Input Capture

Adversaries may use methods of capturing user input to obtain credentials or collect information. During normal system usage, users often provide credentials to various different locations, such as login pages/portals or system dialog boxes. Input capture mechanisms may be transparent to the user (e.g. Credential API Hooking) or rely on deceiving the user into providing input into what they believe to be a genuine service (e.g. Web Portal Capture).

ID: T1056
Sub-techniques:  T1056.001, T1056.002, T1056.003, T1056.004
Tactics: Collection, Credential Access
Platforms: Linux, Network, Windows, macOS
Permissions Required: Administrator, SYSTEM, User, root
Data Sources: Driver: Driver Load, File: File Modification, Process: OS API Execution, Process: Process Creation, Process: Process Metadata, Windows Registry: Windows Registry Key Modification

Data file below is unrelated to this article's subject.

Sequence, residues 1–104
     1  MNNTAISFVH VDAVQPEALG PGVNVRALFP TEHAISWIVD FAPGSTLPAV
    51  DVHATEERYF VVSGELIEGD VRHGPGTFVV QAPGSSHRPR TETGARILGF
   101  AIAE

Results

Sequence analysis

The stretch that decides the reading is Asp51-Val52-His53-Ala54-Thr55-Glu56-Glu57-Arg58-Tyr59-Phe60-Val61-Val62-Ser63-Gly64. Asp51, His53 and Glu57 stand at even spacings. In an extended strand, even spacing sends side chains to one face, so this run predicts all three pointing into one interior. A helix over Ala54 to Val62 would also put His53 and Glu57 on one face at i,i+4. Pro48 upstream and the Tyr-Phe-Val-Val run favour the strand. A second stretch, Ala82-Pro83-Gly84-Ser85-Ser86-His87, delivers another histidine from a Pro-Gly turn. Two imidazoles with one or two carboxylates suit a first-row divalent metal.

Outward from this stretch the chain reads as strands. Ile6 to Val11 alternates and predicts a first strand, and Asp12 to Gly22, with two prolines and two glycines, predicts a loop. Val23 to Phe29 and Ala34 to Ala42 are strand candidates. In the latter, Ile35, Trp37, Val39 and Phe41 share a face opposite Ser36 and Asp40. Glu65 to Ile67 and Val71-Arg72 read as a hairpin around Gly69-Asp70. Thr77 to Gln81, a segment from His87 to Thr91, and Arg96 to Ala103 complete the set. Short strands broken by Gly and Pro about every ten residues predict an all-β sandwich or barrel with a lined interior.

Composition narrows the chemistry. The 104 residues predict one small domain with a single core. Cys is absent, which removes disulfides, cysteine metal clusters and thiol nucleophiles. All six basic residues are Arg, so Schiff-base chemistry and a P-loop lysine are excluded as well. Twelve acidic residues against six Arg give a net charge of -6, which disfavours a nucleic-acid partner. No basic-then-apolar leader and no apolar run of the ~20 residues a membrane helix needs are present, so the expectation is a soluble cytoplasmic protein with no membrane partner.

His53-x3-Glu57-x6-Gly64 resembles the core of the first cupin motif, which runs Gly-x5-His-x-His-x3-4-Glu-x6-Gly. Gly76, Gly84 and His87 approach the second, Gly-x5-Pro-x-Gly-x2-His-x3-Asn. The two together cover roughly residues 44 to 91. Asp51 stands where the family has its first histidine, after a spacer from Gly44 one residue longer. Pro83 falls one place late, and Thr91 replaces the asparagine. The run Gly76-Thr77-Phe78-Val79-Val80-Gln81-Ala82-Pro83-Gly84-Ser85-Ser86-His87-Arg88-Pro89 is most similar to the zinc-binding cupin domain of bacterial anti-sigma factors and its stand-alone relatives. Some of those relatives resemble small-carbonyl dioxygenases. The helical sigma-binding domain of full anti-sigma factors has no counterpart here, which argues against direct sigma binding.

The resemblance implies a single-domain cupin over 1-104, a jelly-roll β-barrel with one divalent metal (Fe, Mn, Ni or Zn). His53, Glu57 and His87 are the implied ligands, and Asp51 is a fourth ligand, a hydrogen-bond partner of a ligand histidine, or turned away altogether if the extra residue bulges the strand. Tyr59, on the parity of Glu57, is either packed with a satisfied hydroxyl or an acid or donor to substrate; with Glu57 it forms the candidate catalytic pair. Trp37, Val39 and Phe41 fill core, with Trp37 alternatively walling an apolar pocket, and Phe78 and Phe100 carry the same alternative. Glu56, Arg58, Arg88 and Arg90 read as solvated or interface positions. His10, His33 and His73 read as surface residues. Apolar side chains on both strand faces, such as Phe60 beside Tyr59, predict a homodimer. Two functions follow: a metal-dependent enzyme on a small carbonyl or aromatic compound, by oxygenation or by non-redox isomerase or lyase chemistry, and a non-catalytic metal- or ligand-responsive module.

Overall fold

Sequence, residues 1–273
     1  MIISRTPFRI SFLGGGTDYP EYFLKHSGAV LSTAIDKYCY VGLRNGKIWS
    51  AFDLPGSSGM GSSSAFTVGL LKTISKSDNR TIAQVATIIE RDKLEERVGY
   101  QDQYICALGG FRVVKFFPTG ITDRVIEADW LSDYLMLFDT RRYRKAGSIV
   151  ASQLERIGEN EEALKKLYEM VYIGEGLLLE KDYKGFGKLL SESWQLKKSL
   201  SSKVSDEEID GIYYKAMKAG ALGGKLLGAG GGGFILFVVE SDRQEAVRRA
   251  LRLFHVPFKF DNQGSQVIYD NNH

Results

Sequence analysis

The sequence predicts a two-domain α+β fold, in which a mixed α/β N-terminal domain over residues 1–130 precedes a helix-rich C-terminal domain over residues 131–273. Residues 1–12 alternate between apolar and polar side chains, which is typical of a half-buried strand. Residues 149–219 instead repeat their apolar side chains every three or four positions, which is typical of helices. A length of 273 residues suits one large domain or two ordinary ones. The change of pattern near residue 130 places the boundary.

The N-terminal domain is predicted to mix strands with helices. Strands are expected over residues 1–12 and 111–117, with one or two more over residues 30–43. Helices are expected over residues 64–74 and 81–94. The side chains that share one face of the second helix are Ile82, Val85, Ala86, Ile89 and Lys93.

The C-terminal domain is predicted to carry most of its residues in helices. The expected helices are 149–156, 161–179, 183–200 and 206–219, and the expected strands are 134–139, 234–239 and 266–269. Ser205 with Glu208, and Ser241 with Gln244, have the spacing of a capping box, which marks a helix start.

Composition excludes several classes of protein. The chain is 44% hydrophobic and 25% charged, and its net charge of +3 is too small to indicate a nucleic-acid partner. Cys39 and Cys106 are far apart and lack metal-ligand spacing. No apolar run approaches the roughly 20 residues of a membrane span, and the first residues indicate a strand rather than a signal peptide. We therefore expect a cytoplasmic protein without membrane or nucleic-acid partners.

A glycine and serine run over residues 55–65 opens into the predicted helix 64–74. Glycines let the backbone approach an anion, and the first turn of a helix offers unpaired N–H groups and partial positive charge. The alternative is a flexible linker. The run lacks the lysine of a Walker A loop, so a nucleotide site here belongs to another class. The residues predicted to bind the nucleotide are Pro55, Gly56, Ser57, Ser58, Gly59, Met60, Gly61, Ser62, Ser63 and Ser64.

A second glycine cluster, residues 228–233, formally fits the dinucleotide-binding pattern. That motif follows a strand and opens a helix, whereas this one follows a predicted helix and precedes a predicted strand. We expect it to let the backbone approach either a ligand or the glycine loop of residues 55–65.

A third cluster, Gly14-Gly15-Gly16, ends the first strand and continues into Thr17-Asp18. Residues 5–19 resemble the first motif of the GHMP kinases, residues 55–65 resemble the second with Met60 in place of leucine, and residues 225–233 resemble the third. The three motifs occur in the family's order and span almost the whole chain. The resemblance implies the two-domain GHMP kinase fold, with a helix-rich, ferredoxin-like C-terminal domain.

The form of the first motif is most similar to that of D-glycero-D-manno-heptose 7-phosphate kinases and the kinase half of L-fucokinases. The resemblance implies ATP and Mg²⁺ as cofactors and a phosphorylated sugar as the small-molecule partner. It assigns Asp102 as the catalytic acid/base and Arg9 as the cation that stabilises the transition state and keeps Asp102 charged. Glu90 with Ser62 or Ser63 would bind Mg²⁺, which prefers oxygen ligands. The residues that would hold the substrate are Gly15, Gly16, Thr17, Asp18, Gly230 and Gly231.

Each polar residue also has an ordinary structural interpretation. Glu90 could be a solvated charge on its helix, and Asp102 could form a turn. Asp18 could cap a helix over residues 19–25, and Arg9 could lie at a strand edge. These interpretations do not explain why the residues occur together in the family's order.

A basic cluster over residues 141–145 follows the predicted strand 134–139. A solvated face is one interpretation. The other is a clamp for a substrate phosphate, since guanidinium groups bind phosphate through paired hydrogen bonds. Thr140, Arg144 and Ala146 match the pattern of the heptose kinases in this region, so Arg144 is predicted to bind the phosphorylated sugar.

CAPEC ID: CAPEC-569
Contributors: John Lambert, Microsoft Threat Intelligence Center
Version: 1.2
Created: 31 May 2017
Last Modified: 21 October 2020

Procedure Examples

ID Name Description
G0087 APT39

APT39 has utilized tools to capture mouse movements.[1]

Mitigations

This type of attack technique cannot be easily mitigated with preventive controls since it is based on the abuse of system features.

Detection

Detection may vary depending on how input is captured but may include monitoring for certain Windows API calls (e.g. SetWindowsHook, GetKeyState, and GetAsyncKeyState)[2], monitoring for malicious instances of Command and Scripting Interpreter, and ensuring no unauthorized drivers or kernel modules that could indicate keylogging or API hooking are present.

References